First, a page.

I felt the presence of God. It didn’t come after the rendering of one of those soul stirring hymns. It wasn’t after a prayer loaded with loud shouts and declarations accented with the name of Jesus. It wasn’t a message in a sermon. It came in the middle of a chant.
I didn’t understand one word.
I felt something budge from the inside. It came after sitting for over an hour in a room filled with people from different faiths. Death brought us together. Shame forced us to pray. Politicians and faith leaders uttered what all of us thought - what happened at the Oak Creek Sikh Temple in Wisconsin is not who we are as a nation. The madness involving the murder of people while in prayer forced each of us to consider what it means to be an American.
No one knows what Wade Michael Page was thinking after opening fire on those in prayer. The hundreds who gathered on Wednesday night at the Sikh Gurudwara of North Carolina declared a commitment to learn more about religions other than their own. Bill Bell, mayor of Durham, and Michael Woodard, member of the Durham City Council, both talked about the importance of religious freedom. All of the speakers did the same.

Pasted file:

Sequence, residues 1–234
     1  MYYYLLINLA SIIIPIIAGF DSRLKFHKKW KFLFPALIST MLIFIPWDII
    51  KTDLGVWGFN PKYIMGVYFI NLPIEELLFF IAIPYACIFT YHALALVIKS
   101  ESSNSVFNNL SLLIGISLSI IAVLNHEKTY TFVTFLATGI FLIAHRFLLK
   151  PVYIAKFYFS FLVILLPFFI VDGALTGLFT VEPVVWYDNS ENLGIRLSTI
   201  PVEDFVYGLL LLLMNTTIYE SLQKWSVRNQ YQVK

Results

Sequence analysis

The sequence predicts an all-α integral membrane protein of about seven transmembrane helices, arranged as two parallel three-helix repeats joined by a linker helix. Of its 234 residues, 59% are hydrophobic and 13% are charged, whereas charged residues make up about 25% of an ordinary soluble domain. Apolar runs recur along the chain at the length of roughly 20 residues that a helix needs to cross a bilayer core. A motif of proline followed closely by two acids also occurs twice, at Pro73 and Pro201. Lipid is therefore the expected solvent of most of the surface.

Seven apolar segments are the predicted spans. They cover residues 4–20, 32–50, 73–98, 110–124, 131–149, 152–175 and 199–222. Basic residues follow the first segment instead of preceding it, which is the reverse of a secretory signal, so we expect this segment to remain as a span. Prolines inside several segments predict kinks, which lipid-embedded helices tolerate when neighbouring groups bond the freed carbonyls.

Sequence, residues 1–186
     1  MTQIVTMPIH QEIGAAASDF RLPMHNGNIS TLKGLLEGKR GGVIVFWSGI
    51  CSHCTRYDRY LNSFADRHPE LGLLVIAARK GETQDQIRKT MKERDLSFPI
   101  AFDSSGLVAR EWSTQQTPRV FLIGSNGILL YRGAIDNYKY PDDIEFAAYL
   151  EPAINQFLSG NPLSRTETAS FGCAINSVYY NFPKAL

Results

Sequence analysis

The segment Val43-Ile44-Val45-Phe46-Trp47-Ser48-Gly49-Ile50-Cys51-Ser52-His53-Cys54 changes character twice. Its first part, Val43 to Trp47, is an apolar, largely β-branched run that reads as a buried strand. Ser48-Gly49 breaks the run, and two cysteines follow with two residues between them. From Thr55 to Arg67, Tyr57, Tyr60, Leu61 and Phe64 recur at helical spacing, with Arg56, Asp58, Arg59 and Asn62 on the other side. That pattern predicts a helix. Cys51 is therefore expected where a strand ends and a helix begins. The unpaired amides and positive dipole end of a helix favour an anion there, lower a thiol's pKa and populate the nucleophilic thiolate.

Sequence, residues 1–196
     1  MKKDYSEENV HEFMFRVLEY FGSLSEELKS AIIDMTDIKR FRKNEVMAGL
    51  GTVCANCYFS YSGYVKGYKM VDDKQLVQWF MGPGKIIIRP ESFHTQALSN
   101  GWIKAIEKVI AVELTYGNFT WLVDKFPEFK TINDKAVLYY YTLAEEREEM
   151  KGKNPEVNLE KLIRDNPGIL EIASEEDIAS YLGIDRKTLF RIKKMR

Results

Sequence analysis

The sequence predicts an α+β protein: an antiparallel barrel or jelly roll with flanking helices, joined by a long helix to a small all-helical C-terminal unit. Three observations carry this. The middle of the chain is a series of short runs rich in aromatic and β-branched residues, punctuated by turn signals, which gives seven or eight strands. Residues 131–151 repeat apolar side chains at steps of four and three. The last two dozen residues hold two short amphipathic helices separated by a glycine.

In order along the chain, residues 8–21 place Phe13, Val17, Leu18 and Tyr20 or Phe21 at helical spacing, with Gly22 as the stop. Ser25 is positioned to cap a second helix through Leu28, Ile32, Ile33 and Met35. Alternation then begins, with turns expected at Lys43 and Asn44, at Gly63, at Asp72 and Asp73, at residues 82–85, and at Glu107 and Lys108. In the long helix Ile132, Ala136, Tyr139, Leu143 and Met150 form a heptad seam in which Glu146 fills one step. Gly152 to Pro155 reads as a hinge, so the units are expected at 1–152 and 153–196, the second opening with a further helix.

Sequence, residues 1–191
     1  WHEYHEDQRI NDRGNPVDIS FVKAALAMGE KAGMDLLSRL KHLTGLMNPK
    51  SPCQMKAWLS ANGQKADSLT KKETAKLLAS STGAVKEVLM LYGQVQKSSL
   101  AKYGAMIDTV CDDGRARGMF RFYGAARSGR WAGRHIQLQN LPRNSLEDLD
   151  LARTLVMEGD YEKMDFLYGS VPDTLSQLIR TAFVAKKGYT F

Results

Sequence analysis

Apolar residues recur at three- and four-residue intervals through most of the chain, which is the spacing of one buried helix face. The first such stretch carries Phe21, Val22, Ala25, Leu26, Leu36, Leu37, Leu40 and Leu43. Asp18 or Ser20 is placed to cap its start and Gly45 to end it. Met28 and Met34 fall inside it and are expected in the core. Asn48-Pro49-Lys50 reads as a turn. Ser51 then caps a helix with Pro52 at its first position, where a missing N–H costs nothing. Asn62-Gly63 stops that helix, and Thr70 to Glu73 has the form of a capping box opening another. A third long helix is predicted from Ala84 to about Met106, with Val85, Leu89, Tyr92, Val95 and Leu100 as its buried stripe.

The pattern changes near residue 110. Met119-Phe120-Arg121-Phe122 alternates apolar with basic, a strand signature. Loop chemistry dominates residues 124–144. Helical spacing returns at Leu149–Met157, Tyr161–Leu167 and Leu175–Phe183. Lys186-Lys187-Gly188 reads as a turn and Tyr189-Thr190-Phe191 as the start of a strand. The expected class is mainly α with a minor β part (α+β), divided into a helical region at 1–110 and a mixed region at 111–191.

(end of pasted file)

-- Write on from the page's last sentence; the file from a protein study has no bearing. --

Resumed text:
America is about freedom, not intolerance.
It is sad that it took death to bring us to this temple, Jose Lopez, Durham’s police chief and others said. It is true. It was my first time worshiping with the Sikh community. There was so much I didn’t know about them.
“You know the first person beaten after 911 was a Sikh,” Michael Woodard whispered in my ear as we prepared to start worship. The brochure passed out to visitors when we walked in states that 99% of those who wear turbans in the United States are Sikhs. People confuse them with Muslims. It’s one of many examples of how intolerance is fed by ignorance.
I sat and listened as small children walked into the temple and bowed before taking their seat on the floor. I felt the sincerity as I watched as Sikhs watched me. Their deep fixed stare was occupied with a smile. Each person who smiled followed with “Thank you for coming. Thank you so much for coming.”
I had to come. How could I stay away?
“Forgive us Lord for the way some teach the faith I share,” I whispered as I listened to the soothing music and chant. “Lord, help us become more loving. Grant Christians the spirit of the Sikhs.”